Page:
• Changing careers, changing jobs, new job, new career, career transition

Is It Time for a Career Change?

Some employment experts are saying that the Great Recession has created a fundamental restructuring of the U.S. economy and workplace as we transition into the technology and information age. This is similar to previous macro transitions, like the one from the agricultural to the industrial age.

Unfortunately, many employees have been caught in the crossfire. Laid-off workers in some industries are discovering that job opportunities in careers and fields they've been in for decades are few and far in between, forcing them to consider changing careers to increase their chances of finding a job.

Not all career changes are involuntary, however. While laid-off workers struggling to find jobs make the news headlines, there are many people who decide on their own that it's time for a career change. This may be due to many different factors, including:

  • Lifestyle changes. For example, maybe you began a career in sales when you were young and single, and you viewed the heavy travel schedule as a benefit, since it allowed you to see many new parts of the country. But now that you have a family, the travel has become a burden and you want to find a new job and career that lets you spend more time at home.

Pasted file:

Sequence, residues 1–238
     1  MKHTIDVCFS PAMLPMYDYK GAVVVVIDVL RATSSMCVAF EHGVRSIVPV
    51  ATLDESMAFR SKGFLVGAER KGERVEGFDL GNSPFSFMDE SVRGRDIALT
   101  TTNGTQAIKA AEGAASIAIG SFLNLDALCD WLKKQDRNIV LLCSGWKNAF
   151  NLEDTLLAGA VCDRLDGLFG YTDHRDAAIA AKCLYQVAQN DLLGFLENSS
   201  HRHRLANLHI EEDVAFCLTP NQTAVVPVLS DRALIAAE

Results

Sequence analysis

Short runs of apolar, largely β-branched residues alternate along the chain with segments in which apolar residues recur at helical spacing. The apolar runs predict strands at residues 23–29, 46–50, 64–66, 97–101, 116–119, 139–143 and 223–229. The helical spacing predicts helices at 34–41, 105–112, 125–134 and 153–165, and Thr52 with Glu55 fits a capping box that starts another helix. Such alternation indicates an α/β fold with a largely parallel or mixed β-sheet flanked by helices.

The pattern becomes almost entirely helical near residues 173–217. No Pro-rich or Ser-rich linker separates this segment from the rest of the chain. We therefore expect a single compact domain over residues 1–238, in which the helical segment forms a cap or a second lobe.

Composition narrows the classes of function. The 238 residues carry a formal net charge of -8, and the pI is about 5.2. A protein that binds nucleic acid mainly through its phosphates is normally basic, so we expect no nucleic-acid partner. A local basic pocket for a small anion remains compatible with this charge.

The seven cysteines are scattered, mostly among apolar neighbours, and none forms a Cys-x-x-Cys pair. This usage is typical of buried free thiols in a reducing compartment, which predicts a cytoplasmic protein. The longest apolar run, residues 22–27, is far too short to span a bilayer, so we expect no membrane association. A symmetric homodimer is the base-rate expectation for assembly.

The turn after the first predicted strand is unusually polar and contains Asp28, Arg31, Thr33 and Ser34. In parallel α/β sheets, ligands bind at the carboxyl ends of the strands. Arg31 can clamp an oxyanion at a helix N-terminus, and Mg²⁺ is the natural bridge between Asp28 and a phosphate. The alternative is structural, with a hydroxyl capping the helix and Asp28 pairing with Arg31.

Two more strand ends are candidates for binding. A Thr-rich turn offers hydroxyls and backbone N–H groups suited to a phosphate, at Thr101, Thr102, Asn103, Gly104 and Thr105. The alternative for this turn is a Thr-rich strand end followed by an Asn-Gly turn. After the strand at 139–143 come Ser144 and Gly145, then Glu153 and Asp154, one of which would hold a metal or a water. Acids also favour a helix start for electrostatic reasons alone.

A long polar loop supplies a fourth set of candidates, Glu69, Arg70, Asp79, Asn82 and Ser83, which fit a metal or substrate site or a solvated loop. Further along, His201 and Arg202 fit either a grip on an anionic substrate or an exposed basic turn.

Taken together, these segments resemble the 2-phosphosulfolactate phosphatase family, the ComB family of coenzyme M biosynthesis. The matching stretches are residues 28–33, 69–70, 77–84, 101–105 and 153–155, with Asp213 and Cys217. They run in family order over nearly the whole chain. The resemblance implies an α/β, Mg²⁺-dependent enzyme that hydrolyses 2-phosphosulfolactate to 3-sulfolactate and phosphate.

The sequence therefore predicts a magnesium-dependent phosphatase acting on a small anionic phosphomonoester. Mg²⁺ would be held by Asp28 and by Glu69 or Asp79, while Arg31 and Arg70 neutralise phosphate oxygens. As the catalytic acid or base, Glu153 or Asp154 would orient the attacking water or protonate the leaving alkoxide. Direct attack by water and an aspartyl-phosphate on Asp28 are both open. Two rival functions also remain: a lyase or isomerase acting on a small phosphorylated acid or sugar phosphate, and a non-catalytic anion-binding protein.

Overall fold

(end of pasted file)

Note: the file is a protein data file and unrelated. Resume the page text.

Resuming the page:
• Job burnout and/or boredom. It's not unusual to get bored and burnt-out after spending many years in the same job and/or industry. However, it's important to distinguish between burnout/boredom as it applies to a particular job and/or company versus an entire career.
  • Worsening job outlook. As noted earlier, the restructuring of the U.S. economy is resulting in the elimination of jobs in some sectors, like many manufacturing industries. Seeing the writing on the wall, many of these employees are being proactive and starting the process of career change before they end up unemployed.
  • Work-life imbalance and too much stress. Over time, highly stressful jobs and careers can take their toll on an individual's physical and emotional health, as can a long-term imbalance between work and home/family life.
  • Greater earning potential. Many individuals simply decide that they'd like to earn more money than is possible in their current career.
  • Scratching the entrepreneurial itch. After years working in the corporate world, some individuals decide that it's time to strike out on their own, either by hanging a shingle and becoming self-employed or starting a small business.

  • Get a head start on savings with First Tennessee's Automatic Savings Service

Federal Deposit Insurance Corporation Banking products and services are provided by First Tennessee Bank National Association. Member FDIC. Logo_Equal_Housing_LG Equal Housing Lender.